It takes more than a few superstars or top-tier players to win in the NFL. It takes a complete roster with reserves who can contribute on special teams and fill in capably when needed.
The Giants’ depth at wide receiver is already being tested, and will be tested even further early in the season if the four-game suspension of Golden Tate is upheld.
We have, however, already talked at length about the wide receiver position during the early portion of training camp. Let’s talk about another area where depth is a concern — the offensive line.
We know that the starting group should be the best the Giants have fielded in several years. As far as the backups, though, the only player who is really close to a lock to make the roster is the loser of the center competition betweeen Jon Halapio and Spencer Pulley. My $.02 is that means Pulley, but we’ll see.
Let’s look at some of the players fighting for those backup jobs. We will break this into tow categories — tackles and center/guards.
Chad Wheeler started 14 games at right tackle last season, and has experience on both sides. Reality is, though, Wheeler wasn’t good in 2018. His best attribute, quite simply, is that he wasn’t Ereck Flowers. Wheeler could end up as the swing tackle by default, but that’s not really a comforting thought.
Brian Mihalik is a 6-foot-9 26-year-old who played in five games for the Giants last season. He was a defensive lineman at Boston College. Coach Pat Shurmur was with Mihalik in 2015 when both were part of the Philadelphia Eagles.
Mihalik filled in at left tackle for Nate Solder in the spring, and has continued to get a handful of reps with the first team during training camp. Mihalik, who has been considered a developmental player in the past, played some right tackle for the Giants last season.
“He’s doing some good things, he’s got good length to be playing left tackle,” offensive line coach Hal Hunter said of Mihalik. “He’s been playing some in the first group when we’ve been spelling Nate a little bit, he’s done a good job.”
Paul Adams was signed by the Giants as an undrafted free agent out of Missouri. He played right tackle in college and his NFL.com scouting report says “his best projection might be guard with emergency right tackle value as a middle rounder. He’s OK in space but better suited as a backup guard with the low-end starter upside in a gap scheme rushing attack.”
The Giants, though, have been playing Adams at left tackle throughout training camp. Not sure, honestly, if that is out of simple necessity or if they really believe he can hold up on that side. Something to watch.
George Asafo-Adjei was selected in the seventh round of the draft. Big George was getting an occasional first-team rep before getting a concussion, which has caused him to miss several practices. The difficulty of keeping Asafo-Adjei on the roster as a reserve is that he is right tackle only.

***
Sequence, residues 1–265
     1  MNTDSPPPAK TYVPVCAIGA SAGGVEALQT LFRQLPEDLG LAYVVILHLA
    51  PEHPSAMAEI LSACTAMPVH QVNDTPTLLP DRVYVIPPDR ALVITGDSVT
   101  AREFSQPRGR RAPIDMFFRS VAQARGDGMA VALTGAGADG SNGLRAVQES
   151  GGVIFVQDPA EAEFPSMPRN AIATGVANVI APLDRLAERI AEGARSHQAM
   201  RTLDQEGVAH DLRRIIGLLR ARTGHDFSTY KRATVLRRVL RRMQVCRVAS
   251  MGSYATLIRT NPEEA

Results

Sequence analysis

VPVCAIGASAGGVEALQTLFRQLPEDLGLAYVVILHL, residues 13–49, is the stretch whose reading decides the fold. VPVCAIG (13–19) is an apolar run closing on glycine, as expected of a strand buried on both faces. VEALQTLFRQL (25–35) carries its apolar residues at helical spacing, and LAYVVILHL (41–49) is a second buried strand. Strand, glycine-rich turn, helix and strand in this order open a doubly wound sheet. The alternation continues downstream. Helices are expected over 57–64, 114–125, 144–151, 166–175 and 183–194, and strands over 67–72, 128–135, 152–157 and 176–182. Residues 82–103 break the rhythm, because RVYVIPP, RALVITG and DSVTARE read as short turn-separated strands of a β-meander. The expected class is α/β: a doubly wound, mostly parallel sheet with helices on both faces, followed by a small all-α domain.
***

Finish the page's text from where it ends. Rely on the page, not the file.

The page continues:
Chad Slade is really a guard, but with Asafo-Adjei out and Wheeler also missing a couple of practices, the 27-year-old has been getting some reps at right tackle. So, I will include him here. Slade is a former undrafted free agent who started three games for the Houston Texans in 2017.
Nick Gates was signed by the Giants as an undrafted free agent a year ago, and spent the season on injured reserve. A college tackle at Nebraska, the Giants moved him inside to guard. He has been working as the second-team left guard this summer, and was the first player Hunter mentioned when asked about depth options on the offensive line.
“Nick Gates, he was actually playing really good last year, and he played at Nebraska then he got that foot injury. He was on IR, then he came back and was on practice squad, then he was on IR the whole year,” Hunter said. “He’s come back, and he really stepped up once he put the pads on. He’s big, strong, tough, smart, and I see why he played at Nebraska, he’s a Nebraska-type player, so he’s done a pretty good job.”
Evan Brown spent all of last season on the 53-man roster after making the team as an undrafted free agent. He is really a center, but has been working at right guard throughout camp. It is hard to gauge exactly what the Giants think of the former SMU center.
“Evan Brown is still fighting in there,” Hunter said. “He’s been a little bit out of position because again, he’s kind of the third center who we’ve been working some at second guard.”
James O’Hagan is the reason Brown has played pretty much exclusively at guard. An undrafted free agent out of Buffalo, the Giants appear to be taking a long look at the 6-foot-1, 300-pound O’Hagan. If they end up liking what they see, he could take a spot away from Brown. Practice squad is also a possibility.
“He’s strong, he’s tough, he’s smart. He reminds me a lot of Evan Brown, they are the same type of player,” Hunter said. He’s a little bit of a smaller player, but it helps him with leverage. He’s tough, I really like him, I think he is a quality player who is going to be really fighting for a roster spot.”
“Sloppy” can be a kind way to describe the type of play you often see from reserve offensive line groups in the preseason. Cohesion is not exactly the norm for those groups.
I wouldn’t be looking for that from Giants’ backup offensive linemen as you watch the preseason games. What you want to watch for, and what the Giants will likely be watching for, is individual performance.
Who holds up on the edge? Does O’Hagan look like he can hold up in the middle, both physically and mentally? Can Brown handle guard? Does Gates look in games like what the Giants believe they see in practice?
Some of these guys are going to earn backup jobs. Still, my belief remains that the Giants will be actively combing through the waiver wire and available free agents for upgrades once other teams trim their rosters to 53 players.